What is GPS spoofing?
GPS spoofing alters the signals or data associated with the Global Positioning System to produce different position, navigation, or timing (PNT) information. It’s a way to trick the GPS receiver (and the applications running on it) into thinking that you’re in another place or another time.
How does GPS spoofing work?
GPS and other Global Navigation Satellite Systems (GNSS) circle the earth in medium earth orbit, which is around 12,550 miles above the ground – the equivalent of almost five trips from San Francisco to New York. Since those satellite signals are transmitted across such a great distance, they are pretty weak by the time they actually reach your device.
In a GPS spoofing attack, a terrestrial radio transmitter mimics GPS signals at a greater signal strength than the actual system can muster, effectively replacing real GPS signals with a fake signal. This used to be complicated, expensive electronics that only militaries could do. Today, it’s almost ridiculously easy to gain access to such a transmitter. A GPS jammer is available on the internet for around USD 100.
One of the reasons that GPS is easy to spoof is that the signal is unencrypted. Since no form of authentication or verification is required for GPS transmissions, just about anyone can use the publicly available specifications and falsify a location.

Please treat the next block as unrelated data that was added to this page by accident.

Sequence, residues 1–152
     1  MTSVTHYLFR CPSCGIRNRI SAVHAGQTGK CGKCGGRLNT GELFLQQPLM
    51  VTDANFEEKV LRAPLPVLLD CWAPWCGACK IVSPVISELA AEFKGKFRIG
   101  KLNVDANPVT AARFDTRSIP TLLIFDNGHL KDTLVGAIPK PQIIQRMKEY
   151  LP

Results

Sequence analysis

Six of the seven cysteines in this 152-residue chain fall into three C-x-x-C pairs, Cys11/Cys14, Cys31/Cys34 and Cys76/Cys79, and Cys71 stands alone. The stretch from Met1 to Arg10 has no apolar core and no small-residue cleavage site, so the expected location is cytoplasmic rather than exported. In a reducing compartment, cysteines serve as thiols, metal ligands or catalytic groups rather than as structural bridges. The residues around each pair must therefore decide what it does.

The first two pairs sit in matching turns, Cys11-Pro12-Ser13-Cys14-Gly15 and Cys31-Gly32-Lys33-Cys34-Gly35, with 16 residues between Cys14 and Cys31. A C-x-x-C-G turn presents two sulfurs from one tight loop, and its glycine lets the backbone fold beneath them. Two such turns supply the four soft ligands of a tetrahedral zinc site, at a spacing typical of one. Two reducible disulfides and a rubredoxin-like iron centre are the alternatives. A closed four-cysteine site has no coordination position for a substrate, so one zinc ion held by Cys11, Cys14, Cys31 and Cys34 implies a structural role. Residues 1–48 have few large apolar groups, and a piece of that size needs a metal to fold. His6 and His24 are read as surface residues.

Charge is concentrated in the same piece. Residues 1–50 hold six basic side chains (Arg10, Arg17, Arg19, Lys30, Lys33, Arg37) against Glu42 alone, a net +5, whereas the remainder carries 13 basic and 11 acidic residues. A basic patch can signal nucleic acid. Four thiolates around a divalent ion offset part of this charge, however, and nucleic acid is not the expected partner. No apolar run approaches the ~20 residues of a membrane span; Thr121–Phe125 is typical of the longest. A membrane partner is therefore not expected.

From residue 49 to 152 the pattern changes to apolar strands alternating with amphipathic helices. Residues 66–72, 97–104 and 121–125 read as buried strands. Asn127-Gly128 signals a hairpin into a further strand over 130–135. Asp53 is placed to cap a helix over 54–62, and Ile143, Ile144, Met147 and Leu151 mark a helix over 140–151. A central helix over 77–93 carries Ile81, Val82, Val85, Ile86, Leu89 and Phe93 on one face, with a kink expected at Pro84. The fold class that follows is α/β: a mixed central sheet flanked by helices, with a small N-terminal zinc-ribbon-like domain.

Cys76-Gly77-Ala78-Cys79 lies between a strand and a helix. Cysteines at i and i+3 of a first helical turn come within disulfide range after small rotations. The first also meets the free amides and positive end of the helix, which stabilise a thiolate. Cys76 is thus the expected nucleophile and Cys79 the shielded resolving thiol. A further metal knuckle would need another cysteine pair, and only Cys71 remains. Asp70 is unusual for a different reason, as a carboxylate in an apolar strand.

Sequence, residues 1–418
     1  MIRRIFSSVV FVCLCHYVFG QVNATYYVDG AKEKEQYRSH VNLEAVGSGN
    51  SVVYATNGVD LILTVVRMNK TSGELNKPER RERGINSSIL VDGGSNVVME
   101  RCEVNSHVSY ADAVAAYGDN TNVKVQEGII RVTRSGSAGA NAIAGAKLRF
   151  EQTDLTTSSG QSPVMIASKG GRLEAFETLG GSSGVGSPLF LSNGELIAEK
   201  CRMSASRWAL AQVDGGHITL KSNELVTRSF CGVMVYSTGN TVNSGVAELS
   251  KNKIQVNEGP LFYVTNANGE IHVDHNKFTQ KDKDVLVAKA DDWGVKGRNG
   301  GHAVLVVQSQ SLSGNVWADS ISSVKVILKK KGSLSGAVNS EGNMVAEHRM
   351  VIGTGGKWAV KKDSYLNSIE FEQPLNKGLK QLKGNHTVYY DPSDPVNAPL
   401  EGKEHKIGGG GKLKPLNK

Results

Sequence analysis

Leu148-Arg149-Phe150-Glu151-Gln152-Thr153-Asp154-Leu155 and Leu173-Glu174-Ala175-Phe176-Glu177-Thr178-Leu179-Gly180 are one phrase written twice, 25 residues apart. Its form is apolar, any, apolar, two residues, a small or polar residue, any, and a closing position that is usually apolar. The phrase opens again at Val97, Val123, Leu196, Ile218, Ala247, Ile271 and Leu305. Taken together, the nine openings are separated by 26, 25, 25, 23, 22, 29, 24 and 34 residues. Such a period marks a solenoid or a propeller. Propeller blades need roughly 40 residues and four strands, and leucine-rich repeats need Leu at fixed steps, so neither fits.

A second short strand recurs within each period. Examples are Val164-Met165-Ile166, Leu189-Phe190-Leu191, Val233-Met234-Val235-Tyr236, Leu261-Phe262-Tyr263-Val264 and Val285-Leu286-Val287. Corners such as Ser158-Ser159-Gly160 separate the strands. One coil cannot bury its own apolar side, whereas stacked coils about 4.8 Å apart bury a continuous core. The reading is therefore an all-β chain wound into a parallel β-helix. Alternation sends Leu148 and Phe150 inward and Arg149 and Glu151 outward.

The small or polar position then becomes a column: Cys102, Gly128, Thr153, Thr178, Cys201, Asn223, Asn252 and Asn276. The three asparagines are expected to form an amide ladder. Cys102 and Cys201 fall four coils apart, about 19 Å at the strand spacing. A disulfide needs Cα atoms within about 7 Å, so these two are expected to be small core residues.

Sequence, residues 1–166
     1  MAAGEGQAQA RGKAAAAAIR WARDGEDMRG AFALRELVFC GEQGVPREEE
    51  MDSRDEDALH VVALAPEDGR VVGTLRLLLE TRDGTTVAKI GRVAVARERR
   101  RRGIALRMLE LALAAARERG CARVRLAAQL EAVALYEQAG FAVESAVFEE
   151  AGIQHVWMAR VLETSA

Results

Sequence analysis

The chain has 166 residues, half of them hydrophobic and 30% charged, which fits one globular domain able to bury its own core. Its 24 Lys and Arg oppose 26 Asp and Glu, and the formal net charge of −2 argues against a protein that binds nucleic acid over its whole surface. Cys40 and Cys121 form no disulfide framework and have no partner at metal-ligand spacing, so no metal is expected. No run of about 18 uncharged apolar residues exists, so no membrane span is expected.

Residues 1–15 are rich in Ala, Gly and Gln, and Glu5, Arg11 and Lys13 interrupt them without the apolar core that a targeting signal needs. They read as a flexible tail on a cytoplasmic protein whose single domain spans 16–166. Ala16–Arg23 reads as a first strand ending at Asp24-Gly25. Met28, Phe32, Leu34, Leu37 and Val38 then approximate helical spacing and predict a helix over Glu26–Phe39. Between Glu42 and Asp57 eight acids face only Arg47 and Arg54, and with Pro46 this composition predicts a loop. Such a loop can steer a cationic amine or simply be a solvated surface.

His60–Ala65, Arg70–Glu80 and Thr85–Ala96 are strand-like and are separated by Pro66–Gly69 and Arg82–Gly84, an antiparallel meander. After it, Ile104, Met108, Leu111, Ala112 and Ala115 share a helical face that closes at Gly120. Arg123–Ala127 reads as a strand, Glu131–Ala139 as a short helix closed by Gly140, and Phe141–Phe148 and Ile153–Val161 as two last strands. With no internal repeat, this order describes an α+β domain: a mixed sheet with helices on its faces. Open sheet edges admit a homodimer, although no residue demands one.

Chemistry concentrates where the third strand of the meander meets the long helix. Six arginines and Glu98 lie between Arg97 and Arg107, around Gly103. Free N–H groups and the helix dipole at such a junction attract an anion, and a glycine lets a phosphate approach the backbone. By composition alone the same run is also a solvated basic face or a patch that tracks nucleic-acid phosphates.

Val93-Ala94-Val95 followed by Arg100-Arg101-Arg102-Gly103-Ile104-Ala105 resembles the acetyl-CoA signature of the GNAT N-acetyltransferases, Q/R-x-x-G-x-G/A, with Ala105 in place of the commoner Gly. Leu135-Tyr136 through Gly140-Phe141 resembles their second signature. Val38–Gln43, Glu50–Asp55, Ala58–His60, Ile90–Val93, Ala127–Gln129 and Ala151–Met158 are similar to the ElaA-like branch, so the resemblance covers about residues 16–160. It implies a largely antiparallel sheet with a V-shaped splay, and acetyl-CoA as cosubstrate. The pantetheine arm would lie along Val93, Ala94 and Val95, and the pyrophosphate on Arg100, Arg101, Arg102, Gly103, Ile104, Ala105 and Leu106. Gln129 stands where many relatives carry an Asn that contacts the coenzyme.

Who spoofs GPS, and why?
Who uses GPS spoofing to falsify their location information? Everyone from Vladimir Putin to privacy advocates to teens playing Pokémon Go.
GPS systems were first designed for military use, and militaries were also the first to spoof it. A 2019 study found that Russia frequently spoofs GPS data to mask military activity in Syria, Crimea, and elsewhere. Over 7,900 ships have experienced GPS outages connected with Russian GPS spoofing activity since 2016 – a significant hazard for maritime activity that relies heavily on GPS receivers for positioning and navigation. The study also found that Putin’s movements are frequently masked by GPS spoofing activity.
Spoofing GPS is no longer something that requires the resources of a nation-state. GPS spoofing technology is virtually free, widely available, and very popular.
Many people produce a fake GPS location to prevent applications from precisely tracking their movements. Some do it to maintain control over their personal data by telling location services that are overtly or covertly tracking users that they’re in Kazakhstan. Teenagers use GPS spoofing to mask their location from prying parents. Others use GPS spoofing to perpetrate (or hide) fraudulent activity.
Spoofing your device’s GPS receiver so it displays another place is also a popular way to obtain access to country-specific features of games and other applications. Some rare Pokémon can only be found in certain parts of the world – if you can’t travel to get them, placing your phone there virtually is the next best thing. If you want to get around NFL blackout rules, all you need to do is place your device in the home market for the game you want to watch.